A smart grid is a transactive grid.
- Lynne Kiesling
Archive for February, 2011

Water And The Smart Grid

Several interesting articles on water and the smart grid: The first, courtesy of Water Efficiency.net, examines whether or not “smart water grid” is just a new label for the water efficiency protocols that have been discussed for years and whether the smart grid (for power or water) must depend upon a centralized network, or can […]

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Social Media + Smart Grid = More Energy Efficiency?

Via Mashable, an interesting look at the impact that social media may have upon the smart grid and energy efficiency: While Facebook may be the social media platform to beat, there’s an even more powerful social networking force that promises to be in all American homes one day. A growing number of startups are applying […]

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An ‘Apps Store’ For Utilities?

Via Smart Grid News, an interesting report that some smart grid players are considering borrowing concepts from the computing and telecommunications sectors to create an “apps store” for utilities: “…A collaboration between a smart grid communications company and a telecom giant may usher in a new way for utilities to create, find, install and deploy […]

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Let A Thousand Electrons Bloom: Electricity As A Service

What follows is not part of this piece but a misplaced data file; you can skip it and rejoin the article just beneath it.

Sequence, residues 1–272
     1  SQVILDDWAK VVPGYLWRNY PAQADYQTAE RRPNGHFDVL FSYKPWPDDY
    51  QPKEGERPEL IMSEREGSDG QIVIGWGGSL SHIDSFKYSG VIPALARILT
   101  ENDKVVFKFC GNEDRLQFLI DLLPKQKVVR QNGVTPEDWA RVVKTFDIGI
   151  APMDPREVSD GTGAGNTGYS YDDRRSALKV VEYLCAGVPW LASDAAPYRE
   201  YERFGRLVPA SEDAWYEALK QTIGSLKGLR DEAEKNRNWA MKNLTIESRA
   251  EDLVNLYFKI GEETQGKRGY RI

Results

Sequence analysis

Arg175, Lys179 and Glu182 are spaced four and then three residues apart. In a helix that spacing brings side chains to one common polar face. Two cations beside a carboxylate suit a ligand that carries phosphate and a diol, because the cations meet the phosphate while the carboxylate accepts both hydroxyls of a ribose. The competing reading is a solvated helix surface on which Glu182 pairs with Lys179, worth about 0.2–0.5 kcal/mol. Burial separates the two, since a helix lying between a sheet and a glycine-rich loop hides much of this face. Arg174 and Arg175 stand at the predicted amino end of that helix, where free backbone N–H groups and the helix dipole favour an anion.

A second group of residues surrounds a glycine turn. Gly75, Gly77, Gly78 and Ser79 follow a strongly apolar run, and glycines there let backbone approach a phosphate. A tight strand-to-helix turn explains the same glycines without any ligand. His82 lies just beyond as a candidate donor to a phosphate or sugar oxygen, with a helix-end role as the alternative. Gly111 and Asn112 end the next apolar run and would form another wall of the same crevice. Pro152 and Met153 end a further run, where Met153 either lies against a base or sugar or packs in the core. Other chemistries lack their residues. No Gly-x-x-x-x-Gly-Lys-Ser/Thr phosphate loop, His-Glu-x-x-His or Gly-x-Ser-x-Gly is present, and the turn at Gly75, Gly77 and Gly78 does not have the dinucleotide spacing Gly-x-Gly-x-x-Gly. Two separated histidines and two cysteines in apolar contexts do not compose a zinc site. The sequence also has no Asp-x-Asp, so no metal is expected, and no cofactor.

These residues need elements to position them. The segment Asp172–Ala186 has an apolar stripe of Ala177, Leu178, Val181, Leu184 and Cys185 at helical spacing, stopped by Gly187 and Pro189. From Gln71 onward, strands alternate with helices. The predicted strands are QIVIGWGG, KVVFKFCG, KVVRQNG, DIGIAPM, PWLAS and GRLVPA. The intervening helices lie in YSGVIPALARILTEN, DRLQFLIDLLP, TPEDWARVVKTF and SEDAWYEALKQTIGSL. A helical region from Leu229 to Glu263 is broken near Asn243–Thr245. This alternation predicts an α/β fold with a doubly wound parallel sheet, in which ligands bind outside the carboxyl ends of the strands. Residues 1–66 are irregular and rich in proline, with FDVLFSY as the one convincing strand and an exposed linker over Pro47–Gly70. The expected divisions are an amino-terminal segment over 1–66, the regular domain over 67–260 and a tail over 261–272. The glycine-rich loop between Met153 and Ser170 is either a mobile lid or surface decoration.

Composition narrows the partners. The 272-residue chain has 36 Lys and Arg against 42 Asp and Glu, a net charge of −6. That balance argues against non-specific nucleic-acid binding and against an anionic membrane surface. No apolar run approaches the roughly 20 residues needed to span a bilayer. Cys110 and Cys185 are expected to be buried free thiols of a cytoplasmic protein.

Via Clean Break, an interesting article on Bloom Energy’s recent announcement that it wants to sell electricity as a service.  While we are skeptical about the potential success of this venture, it is yet another indication that consumers (individuals or companies) want a transactive smart grid able to support exchanges in both directions.  As the […]

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About This Blog And Its Authors
Grid Unlocked is powered by two eco-preneurs who analyze and reference articles, reports, and interviews that can help unlock the nascent, complex and expanding linkages between smart meters, smart grids, and above all: smart markets.

Based on decades of experience and interest in conservation, Monty Simus and Jamie Workman believe that a truly “smart” grid must be a “transactive” grid, unshackled from its current status as a so-called “natural monopoly.”

In short, an unlocked grid must adopt and harness the power of markets to incentivize individual users, linked to each other on a large scale, who change consumptive behavior in creative ways that drive efficiency and bring equity to use of the planet's finite and increasingly scarce resources.